By now it’s clear the general perception of last night’s debate is that Mitt Romney absolutely cleaned house. By about midnight last night CNN had released a poll finding that 67% of their audience thought Romney had won to 25% for Obama, and CBS tested a group of undecided voters, among whom 46% thought Romney had won compared to 22% for the president.
In short, Romney did exactly what politicians do: he lied convincingly, confidently, and compellingly. And he looked into the camera.
As ABC’s handy fact-check cheat sheet shows, Obama told his fair share of whoppers as well. But in an endless cascade of semantics over “independent studies” whose statistics can be used to “prove” nearly anything, what determined this debate wasn’t the details of arguments put forth but the style. Romney was aggressive, officious, insistent upon getting the last word to the point of being irritating, but in the end that translated to an air of authority.
At the end of the debate when it was announced the president had spoken for over 4 minutes longer than Romney during the debate, everyone near me was unanimously shocked—it seemed like Romney had dominated the debate, even though he had spoken less. Though the president might have spoken longer, he asked moderator Jim Lehrer permission to finish his statement multiple times throughout the night and allowed himself to be interrupted by Lehrer, whereas Romney did neither—he simply bowled over Lehrer, and when he wanted to get the last word on a point, he insisted, and Lehrer conceded.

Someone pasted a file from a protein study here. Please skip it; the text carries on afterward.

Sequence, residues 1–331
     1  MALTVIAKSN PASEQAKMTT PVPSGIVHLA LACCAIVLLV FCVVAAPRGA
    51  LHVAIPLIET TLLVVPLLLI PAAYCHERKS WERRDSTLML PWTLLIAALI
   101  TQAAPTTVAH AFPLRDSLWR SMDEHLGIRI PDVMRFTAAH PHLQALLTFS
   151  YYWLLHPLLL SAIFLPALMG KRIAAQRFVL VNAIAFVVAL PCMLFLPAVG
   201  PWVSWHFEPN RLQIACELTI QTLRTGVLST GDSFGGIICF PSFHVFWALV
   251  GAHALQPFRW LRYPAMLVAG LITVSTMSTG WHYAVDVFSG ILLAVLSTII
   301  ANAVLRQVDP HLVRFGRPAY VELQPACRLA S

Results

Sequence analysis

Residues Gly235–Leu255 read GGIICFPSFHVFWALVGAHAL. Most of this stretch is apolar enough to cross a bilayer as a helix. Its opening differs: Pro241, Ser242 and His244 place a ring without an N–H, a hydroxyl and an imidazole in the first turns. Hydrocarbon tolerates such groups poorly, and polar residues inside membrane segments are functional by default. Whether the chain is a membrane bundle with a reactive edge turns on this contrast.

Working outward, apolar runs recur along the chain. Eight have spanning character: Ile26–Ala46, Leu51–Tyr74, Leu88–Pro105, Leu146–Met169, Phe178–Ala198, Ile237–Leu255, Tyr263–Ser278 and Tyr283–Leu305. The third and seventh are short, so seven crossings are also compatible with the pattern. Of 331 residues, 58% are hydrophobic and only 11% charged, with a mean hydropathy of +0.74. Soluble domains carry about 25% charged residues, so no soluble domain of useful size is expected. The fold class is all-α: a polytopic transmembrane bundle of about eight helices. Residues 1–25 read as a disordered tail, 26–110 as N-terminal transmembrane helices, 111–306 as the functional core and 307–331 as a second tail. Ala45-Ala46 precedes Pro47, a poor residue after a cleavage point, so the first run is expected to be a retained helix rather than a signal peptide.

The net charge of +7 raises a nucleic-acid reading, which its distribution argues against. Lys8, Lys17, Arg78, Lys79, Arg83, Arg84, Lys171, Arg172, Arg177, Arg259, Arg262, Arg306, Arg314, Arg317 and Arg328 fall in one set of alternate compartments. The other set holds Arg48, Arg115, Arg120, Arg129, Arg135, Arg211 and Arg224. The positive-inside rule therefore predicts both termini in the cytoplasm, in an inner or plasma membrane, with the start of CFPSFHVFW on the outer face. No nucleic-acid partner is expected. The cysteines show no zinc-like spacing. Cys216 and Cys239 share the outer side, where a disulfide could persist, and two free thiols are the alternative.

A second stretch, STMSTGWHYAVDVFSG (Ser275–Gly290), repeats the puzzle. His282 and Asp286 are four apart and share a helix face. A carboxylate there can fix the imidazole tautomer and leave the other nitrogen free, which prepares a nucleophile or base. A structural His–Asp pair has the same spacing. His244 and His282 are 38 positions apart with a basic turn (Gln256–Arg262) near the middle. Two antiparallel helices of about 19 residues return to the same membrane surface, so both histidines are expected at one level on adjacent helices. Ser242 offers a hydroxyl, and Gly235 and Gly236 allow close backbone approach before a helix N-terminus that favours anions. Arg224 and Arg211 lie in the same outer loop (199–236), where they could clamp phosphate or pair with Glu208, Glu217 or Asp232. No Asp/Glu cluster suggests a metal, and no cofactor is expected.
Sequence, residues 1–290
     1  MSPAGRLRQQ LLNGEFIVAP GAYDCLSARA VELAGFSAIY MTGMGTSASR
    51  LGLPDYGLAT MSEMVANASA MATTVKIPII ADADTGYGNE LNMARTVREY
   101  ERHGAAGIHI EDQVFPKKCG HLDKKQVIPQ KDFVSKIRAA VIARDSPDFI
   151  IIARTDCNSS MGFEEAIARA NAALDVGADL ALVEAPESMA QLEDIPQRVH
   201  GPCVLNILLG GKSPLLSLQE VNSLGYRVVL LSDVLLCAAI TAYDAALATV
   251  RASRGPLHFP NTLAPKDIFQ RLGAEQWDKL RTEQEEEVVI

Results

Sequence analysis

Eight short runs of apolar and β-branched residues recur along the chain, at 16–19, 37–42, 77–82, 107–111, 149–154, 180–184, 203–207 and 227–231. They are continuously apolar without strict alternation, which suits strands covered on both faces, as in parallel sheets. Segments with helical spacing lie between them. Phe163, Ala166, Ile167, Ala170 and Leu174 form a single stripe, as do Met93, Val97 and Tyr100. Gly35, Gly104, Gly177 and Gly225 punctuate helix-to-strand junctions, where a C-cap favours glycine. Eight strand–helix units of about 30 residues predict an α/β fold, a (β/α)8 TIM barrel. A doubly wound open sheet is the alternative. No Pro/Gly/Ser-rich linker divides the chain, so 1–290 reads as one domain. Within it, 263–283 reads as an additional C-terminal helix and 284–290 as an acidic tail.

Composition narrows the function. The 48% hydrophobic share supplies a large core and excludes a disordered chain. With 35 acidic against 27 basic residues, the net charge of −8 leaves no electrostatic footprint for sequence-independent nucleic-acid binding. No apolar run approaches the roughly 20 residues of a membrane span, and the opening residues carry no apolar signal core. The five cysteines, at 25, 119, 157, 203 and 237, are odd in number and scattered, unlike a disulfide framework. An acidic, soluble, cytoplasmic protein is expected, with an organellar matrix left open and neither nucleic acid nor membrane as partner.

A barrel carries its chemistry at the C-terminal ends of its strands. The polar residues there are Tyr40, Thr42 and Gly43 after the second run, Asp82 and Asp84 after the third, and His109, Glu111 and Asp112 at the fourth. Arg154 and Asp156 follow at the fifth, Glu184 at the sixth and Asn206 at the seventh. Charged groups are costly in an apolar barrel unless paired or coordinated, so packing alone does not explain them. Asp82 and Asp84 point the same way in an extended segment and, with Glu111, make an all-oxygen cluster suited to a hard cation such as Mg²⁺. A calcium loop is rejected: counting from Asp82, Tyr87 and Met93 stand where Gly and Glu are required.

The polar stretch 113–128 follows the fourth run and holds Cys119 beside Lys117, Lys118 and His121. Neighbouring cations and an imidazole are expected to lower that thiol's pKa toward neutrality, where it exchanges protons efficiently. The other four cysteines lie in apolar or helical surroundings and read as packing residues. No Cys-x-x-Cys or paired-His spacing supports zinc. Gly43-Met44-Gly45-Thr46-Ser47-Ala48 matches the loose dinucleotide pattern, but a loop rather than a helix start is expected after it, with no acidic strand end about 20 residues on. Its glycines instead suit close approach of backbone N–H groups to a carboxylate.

Chris Hayes from MSNBC suggested last night that the Obama camp’s strategy may have been to make the president appear as a “nice guy,” since Romney’s image as a bloviating, embittered jerk who hurls rash insults and then throws press conferences to address them (at which he grows red-faced and throws more insults) has not been polling well over the last month.
But they made a critical error in this calculation: In a debate setting where you have two guys vying for leverage, appearing aggressive—even rude—if the other guy backs down creates the illusion of power. And Americans love power more than they love nice guys (even more than they hate assholes).
By his closing remarks, the president wasn’t even looking into the camera anymore. He looked down at Jim Lehrer, the man whom he’d allowed to interrupt him throughout the debate, declared he wasn’t a “perfect president” and vowed to keep on working just as he had been. That’s not exactly how you bring it home.
As a last observation, I know everyone is obsessed with the economy right now and debates are totally divorced from real policy positions anyway, but to hold a debate on domestic policy 9 miles from the Aurora massacre and spend an hour debating the fine points of the tax code without even touching on guns seems insulting. Not to mention climate policy, reproductive rights, marriage rights, and a whole host of other issues that impact domestic life.
Total debate fail.